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Week 3 : Hamba Bamba Funda's Early Childhood Development Pilot Project

Another crisp Johannesburg morning greeted us as we waited for our special guest to arrive who was following us to Kliptown.

Judith, one of HBF’s directors had been wanting to see “what happens on the ground” for some time. Monja joined her and we drove in convoy, the two of them catching up on news along the way.

Traffic was heavier than usual and we arrived dead on 10 o’clock with some of the ladies already waiting for us, we hurriedly set up for the morning ahead.

Judith introduced herself and spoke to the 1st group explaining her involvement in HBF. “this work is important to the community and that is why I came on board as a director” explained Judith, “I also have children and as a young mother you tend to concentrate on feeding, bathing, dressing and changing your baby and therefore seldom do you think of this kind of teaching...but I wish I had” she concludes, pointing out that the NPO will be two years old in September.

The mothers then in turn introduced themselves, commenting on what they have learnt so far during the project.

Judith happily joined in with all of the activities of the 1st group which continued with the theme of connect with your baby. Laying the babies again on their backs the mothers rubbed the bellies, tapped & squeezed bent & extended legs, stomped feet whilst talking & telling their children what they were doing.

Monja then asked the group “who has been practising what you have been learning”. “Angela” said she had been transitioning “Princess” which she demonstrated correctly, from back to belly and then returning to her back.

The whole group now positioned themselves in a circle and Monja demonstrated again how to transition. When the babies where on the stomachs they could all see each other and responded with excitement with their heads lifted.

“being on their bellies strengthens the back which helps with developing lifting of the head and later creeping and crawling” noted Monja. “when should my baby be ready to crawl” asks a mother, “after 7 or 8 months” replied Monja.

Monja now demonstrated how to pick up a baby “make sure that they are always rounded, if you then place them over your shoulder bend their knees, this keeps flexibility in the spine otherwise it becomes stiff, tapping and squeezing also elevates the stiffness”

About this time again the babies seemed to get restless so they were picked up correctly and a circle of mothers stomping their feet whilst singing ensued to calm them down.

As always this had the desired effect, the mothers then could be paired up and tap & squeeze each other’s legs one at a time, the arms had been attended too the previous week.

This was the first time Judith had experienced this “the other leg feels cold and stiff, where as the leg that was worked on feels warm, relaxed, supple and I am more aware of it”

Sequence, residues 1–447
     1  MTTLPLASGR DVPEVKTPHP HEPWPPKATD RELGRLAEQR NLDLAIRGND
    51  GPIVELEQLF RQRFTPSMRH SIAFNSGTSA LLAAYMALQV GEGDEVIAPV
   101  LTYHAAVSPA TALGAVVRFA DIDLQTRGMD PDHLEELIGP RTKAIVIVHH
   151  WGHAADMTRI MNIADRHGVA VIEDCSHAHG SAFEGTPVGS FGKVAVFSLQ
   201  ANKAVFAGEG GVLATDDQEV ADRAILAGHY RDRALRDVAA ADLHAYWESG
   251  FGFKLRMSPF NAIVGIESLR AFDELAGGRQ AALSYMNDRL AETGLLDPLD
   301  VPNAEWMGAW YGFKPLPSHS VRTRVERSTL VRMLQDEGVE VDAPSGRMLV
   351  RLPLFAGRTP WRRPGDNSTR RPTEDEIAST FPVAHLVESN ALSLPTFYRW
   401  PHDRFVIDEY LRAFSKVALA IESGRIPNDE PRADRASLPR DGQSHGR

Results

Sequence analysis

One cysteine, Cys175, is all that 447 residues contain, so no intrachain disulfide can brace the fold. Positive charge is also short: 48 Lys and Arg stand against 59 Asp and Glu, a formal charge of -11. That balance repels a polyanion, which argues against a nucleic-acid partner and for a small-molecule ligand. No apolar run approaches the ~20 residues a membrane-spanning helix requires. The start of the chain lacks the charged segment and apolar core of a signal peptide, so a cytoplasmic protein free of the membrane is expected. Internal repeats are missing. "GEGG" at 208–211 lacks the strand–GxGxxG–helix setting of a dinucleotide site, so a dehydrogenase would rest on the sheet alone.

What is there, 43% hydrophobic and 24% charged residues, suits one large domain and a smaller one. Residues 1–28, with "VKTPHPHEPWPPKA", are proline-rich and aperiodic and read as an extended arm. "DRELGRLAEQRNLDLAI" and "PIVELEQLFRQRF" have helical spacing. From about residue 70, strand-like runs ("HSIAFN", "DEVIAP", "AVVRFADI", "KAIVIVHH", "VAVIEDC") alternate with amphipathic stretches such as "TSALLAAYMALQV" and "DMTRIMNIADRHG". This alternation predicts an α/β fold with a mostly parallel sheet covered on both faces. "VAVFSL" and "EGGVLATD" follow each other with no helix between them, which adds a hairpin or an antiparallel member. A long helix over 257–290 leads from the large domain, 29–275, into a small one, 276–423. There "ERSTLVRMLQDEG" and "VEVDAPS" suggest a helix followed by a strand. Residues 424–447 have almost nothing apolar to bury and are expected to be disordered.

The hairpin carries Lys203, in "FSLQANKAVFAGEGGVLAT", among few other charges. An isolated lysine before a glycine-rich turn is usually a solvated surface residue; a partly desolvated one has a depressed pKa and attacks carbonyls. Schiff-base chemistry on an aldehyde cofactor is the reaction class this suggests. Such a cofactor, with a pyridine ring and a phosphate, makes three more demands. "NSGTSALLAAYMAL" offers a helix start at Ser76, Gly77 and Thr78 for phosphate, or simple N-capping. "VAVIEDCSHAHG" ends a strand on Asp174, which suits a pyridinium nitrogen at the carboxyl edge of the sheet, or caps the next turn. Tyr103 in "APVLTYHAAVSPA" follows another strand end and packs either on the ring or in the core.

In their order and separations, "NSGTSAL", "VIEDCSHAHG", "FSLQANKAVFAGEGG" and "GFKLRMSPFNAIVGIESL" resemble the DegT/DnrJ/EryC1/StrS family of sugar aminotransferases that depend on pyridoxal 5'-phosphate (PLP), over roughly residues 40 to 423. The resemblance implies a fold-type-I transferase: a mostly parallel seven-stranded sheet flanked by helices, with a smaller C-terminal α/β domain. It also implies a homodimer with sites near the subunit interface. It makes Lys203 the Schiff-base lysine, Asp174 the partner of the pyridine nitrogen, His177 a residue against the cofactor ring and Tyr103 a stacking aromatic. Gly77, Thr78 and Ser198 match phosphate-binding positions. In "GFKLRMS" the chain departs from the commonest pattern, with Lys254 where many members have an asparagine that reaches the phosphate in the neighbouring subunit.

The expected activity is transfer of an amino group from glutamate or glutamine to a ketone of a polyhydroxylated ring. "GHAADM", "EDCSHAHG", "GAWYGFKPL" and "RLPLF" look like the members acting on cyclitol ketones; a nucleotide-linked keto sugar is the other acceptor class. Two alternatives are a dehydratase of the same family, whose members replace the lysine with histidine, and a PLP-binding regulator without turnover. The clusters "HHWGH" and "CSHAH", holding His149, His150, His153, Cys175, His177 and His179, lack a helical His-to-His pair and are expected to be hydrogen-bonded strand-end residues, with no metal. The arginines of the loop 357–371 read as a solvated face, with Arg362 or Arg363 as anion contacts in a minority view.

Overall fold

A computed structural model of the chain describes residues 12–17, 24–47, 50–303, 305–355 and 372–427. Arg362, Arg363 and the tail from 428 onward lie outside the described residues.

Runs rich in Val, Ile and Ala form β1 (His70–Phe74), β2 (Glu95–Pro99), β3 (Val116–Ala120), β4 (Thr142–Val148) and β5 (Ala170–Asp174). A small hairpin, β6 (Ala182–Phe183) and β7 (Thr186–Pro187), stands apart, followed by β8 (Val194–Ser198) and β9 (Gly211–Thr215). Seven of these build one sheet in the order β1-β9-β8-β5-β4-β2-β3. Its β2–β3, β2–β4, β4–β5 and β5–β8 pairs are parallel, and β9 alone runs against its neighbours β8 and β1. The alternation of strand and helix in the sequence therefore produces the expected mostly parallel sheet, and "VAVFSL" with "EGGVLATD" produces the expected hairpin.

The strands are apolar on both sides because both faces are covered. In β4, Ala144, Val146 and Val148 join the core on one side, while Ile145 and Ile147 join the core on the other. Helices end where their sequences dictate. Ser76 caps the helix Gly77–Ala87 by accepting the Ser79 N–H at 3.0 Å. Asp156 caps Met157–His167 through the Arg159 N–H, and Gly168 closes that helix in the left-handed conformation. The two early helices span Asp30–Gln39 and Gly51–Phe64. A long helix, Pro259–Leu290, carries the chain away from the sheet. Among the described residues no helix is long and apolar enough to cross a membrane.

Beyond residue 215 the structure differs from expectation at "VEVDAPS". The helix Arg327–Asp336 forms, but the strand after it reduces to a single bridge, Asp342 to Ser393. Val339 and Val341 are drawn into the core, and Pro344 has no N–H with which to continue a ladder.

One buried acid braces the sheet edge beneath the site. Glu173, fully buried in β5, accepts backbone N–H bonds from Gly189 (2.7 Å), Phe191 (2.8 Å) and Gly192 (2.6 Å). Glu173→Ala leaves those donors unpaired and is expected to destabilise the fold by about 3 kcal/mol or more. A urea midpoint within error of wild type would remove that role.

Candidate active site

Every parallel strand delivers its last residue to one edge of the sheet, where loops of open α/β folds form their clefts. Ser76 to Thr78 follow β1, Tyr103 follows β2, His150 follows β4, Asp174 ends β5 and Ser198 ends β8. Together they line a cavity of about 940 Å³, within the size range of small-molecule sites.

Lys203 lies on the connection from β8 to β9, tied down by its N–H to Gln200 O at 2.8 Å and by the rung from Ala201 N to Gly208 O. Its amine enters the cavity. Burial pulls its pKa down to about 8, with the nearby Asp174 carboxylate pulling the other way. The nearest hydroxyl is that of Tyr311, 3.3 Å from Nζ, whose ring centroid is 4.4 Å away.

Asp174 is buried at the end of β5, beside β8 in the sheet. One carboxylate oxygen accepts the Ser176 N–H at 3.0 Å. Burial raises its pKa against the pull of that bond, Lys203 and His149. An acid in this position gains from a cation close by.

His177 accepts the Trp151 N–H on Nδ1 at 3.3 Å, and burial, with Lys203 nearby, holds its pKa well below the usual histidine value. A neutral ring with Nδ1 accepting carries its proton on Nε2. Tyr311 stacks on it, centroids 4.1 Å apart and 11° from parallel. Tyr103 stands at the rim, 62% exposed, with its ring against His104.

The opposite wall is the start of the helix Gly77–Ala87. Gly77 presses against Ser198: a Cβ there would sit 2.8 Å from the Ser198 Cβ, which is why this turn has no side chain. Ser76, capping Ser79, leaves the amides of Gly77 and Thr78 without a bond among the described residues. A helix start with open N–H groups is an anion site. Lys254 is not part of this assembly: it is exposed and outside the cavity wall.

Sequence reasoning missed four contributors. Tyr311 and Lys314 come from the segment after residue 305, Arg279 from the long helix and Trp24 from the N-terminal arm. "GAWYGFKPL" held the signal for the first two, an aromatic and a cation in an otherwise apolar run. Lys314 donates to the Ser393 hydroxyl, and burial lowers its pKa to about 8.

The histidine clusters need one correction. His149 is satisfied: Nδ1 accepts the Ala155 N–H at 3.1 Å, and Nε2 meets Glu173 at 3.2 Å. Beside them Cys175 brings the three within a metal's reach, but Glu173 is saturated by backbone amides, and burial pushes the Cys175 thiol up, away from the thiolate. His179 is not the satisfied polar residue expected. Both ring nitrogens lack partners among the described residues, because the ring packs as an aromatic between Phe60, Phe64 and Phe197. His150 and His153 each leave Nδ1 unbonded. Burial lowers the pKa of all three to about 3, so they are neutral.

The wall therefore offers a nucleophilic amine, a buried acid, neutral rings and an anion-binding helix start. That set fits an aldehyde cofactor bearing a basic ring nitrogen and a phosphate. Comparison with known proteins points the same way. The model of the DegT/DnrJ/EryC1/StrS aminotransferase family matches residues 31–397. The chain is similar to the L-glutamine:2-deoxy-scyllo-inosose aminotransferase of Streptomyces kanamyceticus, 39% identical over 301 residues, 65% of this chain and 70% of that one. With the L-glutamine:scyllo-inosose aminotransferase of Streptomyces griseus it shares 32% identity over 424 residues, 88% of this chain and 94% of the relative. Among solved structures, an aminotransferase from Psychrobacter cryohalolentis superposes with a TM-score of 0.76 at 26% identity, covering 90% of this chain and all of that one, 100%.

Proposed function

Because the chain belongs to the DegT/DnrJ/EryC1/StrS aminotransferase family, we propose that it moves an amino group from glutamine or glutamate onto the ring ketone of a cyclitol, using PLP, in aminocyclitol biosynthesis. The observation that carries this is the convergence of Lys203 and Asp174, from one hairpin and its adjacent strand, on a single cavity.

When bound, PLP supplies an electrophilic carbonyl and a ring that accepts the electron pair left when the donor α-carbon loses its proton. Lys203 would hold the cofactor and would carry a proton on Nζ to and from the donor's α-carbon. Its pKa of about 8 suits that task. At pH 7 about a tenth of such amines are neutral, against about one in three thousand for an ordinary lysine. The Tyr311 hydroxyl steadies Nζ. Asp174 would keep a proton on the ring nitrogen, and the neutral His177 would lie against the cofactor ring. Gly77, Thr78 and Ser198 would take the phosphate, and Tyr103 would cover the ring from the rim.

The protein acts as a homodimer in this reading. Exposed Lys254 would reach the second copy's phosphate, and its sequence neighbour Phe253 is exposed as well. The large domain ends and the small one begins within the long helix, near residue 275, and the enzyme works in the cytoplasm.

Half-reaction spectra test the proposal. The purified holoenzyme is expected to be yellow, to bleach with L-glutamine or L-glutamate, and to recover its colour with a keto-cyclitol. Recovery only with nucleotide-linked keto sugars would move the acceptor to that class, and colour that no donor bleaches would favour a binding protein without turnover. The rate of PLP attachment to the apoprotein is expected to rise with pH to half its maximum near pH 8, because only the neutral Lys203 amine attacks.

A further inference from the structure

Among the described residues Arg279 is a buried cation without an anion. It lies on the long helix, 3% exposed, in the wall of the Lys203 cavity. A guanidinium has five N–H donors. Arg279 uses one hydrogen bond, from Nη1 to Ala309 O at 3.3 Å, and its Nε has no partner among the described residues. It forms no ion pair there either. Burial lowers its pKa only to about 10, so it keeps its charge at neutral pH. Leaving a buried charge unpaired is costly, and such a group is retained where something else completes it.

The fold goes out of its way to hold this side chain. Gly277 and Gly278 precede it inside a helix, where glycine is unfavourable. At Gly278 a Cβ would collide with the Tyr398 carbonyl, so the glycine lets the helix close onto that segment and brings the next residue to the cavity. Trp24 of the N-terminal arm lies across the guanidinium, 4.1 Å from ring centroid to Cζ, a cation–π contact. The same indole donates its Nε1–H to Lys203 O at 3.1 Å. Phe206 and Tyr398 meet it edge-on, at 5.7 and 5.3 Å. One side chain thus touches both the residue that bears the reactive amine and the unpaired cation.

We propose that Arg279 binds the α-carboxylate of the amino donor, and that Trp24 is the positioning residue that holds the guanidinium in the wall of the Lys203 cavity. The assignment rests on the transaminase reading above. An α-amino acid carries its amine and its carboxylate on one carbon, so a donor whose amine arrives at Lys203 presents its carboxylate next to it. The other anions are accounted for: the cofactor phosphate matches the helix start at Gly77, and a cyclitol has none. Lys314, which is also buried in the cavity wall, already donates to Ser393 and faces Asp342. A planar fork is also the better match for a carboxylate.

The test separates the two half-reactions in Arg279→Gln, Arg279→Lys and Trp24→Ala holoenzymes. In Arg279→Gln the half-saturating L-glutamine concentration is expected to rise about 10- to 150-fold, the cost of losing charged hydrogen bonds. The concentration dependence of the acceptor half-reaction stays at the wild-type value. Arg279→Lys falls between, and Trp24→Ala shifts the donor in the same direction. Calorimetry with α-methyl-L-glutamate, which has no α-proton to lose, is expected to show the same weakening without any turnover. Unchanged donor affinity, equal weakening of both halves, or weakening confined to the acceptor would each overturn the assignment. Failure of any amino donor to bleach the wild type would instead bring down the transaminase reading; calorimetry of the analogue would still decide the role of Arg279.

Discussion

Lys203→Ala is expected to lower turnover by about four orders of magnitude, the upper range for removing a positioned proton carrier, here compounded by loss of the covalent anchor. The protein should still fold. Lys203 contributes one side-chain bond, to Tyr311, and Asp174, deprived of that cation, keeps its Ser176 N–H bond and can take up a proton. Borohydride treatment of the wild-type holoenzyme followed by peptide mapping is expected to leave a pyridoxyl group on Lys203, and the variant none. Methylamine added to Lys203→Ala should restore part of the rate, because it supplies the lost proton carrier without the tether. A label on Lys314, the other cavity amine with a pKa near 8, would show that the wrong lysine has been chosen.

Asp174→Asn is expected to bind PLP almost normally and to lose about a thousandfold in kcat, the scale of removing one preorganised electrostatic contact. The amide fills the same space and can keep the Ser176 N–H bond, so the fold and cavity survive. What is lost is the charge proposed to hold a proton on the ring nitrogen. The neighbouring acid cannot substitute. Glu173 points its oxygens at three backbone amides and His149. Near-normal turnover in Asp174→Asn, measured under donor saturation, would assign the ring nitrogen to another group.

To end the session both groups observed the 3 minutes relax in silence.

“practicing tapping and squeezing whilst transitioning your baby is an important part of the practice and has to be incorporated as part of a daily routine” concludes Monja.

Unfortunately Judith could not stay to meet the 2nd group but after the 5 minutes relax in silence (observed by both groups) a recap of tapping and squeezing started, with the older children joining in, in their own way. Special attention this week was given to the toes, counting each one when squeezed.

Last week’s homework for the mothers was to think up games to play during the session. The next portion of the morning was full of fun and laughter by all as they played “horsey horsey”, “where is the baby” and sang & acted out “ring a ring of roses” plus danced to music from a cell phone.

Monja brought some donated rubber balls with her so next they played “pass the parcel” with one, the children wanting to mimic soon joined in. When the mothers started throwing balls at each other again the kids started doing the same. Next a clean medium sized bin was found and the balls were placed/thrown/rolled into it, then emptied.

Monja had also brought balls that had rubber spikes, giving some texture. The children were encouraged to rub their feet and hands over them, much to their amazement. A game of tidying up the balls ended that part.

Wooden blocks were now produced. “when learning how to stack the blocks show your children how to stack softly as well as slowly” Monja demonstrates which the kids seemed to grasp. The mums then embarked on a competition between them as to who could build the biggest building with their child, with more laughter.

To encourage exploration Monja placed blocks on the seat of a chair, the children were very curious.

The final game of the day was to pack the blocks away.

When asked by Monja how today’s session was, a typical reply was “fun, like being in a gym” was a typical reply.

“stacking games enhances fine motor skills which is important in early development” concludes Monja

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